Sometimes referred to as a 'best of' collection, sometimes as simply a collection of early work from a variety of demos and other recording sessions, "Battle Yells" is one of those unmissable items in any serious collection of Uruk Hai.
For a start, you get that over the top Manowar-esque artwork, all barbarian wrath and nubile maidens in shiny pointed bikinis! It's also in the classic Werwolf format of a limited tape-only release (my copy is #38 of the paltry run of only 66 made). Also of interest is the track listing, which contains reference to demos to my knowledge never officially release, and therefore tracks quite probably unique to this release despite it being a supposed 'best of' compilation. Of course, as the history of Hugin's releases unfolds on these pages there may be more to some of this than meets the eye, and Nazgul will do his best to keep you up to date with developments!
So, from the top: 'In Durin's Hall's' is the synth-driven piece that we know and love, and that has recently made a reappearance on the tape pressing of "Lost Songs From Middle Earth" as recently noted in this Blog, and has also been released in a number of tape pressings over the years. I like that demo a lot, and no collection of early work would be complete without something from that period on it. Listening to it in isolation from the rest of that demo it holds that naive magic that early Uruk Hai songs had - simple rhythm, a few sampled effects to lend atmosphere, 'big' pounding drums and flutes to give a medieval tinge, and simple yet effective keyboard play. Great stuff.
'The Unknown' on the other hand is an airy keyboard passage that wafts gently on the outset into a world of enchantment, fantasy and mystery. It's never going to be confused with a virtuoso keyboard performance, but serves its purpose well and is one of the highlights of the 'Elbenwald' demo.
The Darkness tape demo lends us "Kor" for this compilation, which is again an excellent example of early Uruk Hai - quite delightful and expansive keyboards with an overlay of harsh vocals. Starting off very gently with a piano based introduction, we're soon off into what could almost pass for an Orcish ballad. Kor, incidentally, may well be named for the Tolkein poem of the same name....
'Shadow Of The Orcs' is up next, and this again was one of Nazgul's favourite moments from the "Orcish Battle Hymns" demo, previously covered in this Blog. From the chimed bell start through to the rhythmic drumming and frenzied finale, it's a gripping track and worthy of a place here. The end part in particular would lend itself well to a live environment, guaranteed to get you bouncing around.
A more gentle song to follow - 'Der Elfen Tod' is a very pleasant listen and contains a mature melody and is not over-burdened with effects. A simple song played simply - sometimes less is indeed more.
The next couple of tracks are interesting, in as far as they are titled as appearing from two demos that Nazgul has not come across and which, most likely, are either locked away in the vaults of W.A.R. Studios, or which were reworked and released within other releases and not formally issued in their own name. The 'Elysium' track, certainly the sampled element, does make an appearance in the "Lost Songs of Middle Earth" release in reworked format but in this version was a new track to Nazgul. Similarly, I'd not come across 'Dark Riders' before this release so that was a pleasant bonus too! The main riff of 'Elysium' is simply brilliant, I have to say, and is one of those pieces of music that leaves you convinced you must have heard it somewhere before, so catchy is its refrain.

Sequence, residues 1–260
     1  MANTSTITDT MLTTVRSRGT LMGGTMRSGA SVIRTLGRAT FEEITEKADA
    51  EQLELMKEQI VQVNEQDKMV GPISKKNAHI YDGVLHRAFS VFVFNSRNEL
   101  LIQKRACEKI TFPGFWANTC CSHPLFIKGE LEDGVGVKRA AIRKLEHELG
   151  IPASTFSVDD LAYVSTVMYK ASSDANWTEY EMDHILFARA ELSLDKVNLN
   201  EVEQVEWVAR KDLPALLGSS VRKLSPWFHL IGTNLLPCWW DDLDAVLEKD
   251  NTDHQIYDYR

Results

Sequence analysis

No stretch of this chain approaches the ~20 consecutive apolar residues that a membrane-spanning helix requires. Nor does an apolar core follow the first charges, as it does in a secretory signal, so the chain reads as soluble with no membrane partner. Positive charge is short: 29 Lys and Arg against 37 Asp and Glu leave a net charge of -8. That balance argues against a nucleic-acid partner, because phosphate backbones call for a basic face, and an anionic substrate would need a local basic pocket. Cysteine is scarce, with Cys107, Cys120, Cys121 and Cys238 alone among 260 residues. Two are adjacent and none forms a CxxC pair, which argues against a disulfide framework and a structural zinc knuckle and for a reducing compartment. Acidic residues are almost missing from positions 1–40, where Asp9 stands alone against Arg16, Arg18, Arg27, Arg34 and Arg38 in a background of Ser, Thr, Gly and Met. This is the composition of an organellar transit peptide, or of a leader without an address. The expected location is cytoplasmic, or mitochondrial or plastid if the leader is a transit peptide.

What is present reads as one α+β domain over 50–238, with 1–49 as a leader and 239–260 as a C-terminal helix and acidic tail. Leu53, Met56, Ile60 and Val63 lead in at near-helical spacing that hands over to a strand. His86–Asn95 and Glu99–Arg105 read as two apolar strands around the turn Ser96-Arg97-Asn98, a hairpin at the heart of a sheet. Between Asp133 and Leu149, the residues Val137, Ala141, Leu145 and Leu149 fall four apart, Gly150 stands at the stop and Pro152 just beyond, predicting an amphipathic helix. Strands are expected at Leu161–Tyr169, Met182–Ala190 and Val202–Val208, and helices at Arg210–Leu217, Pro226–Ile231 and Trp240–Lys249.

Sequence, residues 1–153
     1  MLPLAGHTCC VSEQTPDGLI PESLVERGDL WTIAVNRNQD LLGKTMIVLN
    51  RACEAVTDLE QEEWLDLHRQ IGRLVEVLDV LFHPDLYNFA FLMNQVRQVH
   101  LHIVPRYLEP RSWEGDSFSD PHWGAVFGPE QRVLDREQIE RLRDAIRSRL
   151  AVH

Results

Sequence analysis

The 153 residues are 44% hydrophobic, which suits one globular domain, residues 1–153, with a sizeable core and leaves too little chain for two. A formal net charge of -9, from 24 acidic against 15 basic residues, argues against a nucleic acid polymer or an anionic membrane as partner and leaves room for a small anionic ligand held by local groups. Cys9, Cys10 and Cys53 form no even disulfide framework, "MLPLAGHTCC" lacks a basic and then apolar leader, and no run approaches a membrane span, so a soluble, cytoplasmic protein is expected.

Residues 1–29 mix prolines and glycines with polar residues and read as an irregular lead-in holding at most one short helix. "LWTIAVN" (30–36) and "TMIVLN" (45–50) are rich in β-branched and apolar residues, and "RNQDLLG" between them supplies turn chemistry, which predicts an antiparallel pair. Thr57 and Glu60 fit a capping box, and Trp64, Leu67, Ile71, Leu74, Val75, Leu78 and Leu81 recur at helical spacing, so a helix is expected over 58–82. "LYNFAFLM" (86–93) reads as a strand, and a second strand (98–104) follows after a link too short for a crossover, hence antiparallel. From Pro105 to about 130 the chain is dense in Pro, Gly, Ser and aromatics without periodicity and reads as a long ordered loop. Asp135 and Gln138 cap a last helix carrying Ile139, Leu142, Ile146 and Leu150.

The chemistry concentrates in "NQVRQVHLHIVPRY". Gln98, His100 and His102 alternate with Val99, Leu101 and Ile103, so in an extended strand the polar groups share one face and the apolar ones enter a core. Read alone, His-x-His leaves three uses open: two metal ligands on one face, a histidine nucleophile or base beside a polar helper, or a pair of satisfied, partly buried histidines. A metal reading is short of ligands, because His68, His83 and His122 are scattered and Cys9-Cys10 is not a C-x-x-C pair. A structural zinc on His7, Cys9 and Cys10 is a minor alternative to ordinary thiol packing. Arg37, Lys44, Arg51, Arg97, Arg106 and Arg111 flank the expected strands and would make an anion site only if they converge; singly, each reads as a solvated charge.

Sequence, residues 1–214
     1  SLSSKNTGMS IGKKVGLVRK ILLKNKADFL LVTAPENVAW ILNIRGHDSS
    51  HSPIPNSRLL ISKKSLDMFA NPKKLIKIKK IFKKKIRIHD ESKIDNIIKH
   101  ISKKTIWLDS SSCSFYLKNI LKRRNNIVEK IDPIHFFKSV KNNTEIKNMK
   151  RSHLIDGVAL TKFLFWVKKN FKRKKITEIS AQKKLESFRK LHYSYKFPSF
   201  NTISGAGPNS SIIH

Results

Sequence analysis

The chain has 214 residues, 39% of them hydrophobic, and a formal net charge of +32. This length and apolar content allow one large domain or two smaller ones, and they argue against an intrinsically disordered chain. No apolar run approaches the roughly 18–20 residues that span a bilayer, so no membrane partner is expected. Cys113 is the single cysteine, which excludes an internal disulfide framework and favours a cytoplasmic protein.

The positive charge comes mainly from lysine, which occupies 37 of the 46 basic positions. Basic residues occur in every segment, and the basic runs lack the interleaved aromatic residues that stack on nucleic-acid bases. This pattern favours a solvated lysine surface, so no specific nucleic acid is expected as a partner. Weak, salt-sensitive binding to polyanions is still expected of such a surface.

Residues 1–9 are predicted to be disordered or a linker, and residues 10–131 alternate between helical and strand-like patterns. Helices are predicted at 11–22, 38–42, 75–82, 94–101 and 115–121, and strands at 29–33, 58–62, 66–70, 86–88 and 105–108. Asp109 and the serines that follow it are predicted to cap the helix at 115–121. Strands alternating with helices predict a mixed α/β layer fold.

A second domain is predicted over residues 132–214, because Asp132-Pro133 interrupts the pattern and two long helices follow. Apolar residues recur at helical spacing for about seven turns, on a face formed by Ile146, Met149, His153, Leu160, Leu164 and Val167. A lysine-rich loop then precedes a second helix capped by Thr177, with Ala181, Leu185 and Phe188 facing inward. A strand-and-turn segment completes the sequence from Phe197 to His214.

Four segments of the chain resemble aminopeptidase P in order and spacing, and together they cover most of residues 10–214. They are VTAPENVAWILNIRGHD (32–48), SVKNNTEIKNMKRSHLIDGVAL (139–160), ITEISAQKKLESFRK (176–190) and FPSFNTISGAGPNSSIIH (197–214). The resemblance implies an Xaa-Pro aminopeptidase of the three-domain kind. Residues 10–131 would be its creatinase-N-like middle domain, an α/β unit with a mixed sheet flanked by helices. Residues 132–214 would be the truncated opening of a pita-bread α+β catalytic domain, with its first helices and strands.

The more professionally produced 'Elfenpath' from "A Night In The Forest" follows in edited format from the original third track on that mighty opus. Still sounding as fresh as ever, it's a very different Uruk Hai sound from the raw, early vocals or simple syntheziser demos, and as an example of how the band grew in this time period is a great reference point. This track was clearly already recorded by 2003, as the full "Night In The Forest" recording wasn't released until 2004, as is as effortlessly relaxing and engaging as ever.
And so to the end - the "Awaken The Dragon" song. Now this is recorded as being from "Dragons Of War", although not in a version to be found on the 2005 release of the same name on Dragon's Breath. It's a more sombre track to finish the compilation with, dark and moody, and in that sense probably what you might expect for a foolhardy individual awakening Smaug from his slumbers...
The one perplexing thing is the extreme limited pressing of this tape. As a collection of the band's 'good stuff', and given that many fans may not have managed to find all of the separate releases these songs were drawn from (and a fat chance you have of doing that six years later in 2009!), you might have imagined there would have been a pretty strong market for this release back in 2003? Certainly 66 copies would hardly have covered the immediate hardcore fan base, let alone given new fans the chance to experience some of the highlights of the band. Ah well, Nazgul isn't here to reason with the Italian economy, that way lies madness!
Should you ever come across one of these then buy it immediately (indeed, Nazgul did manage to find and buy a spare copy - #34 - only last month from Holland, so a few are out there) and you'll not regret the investment.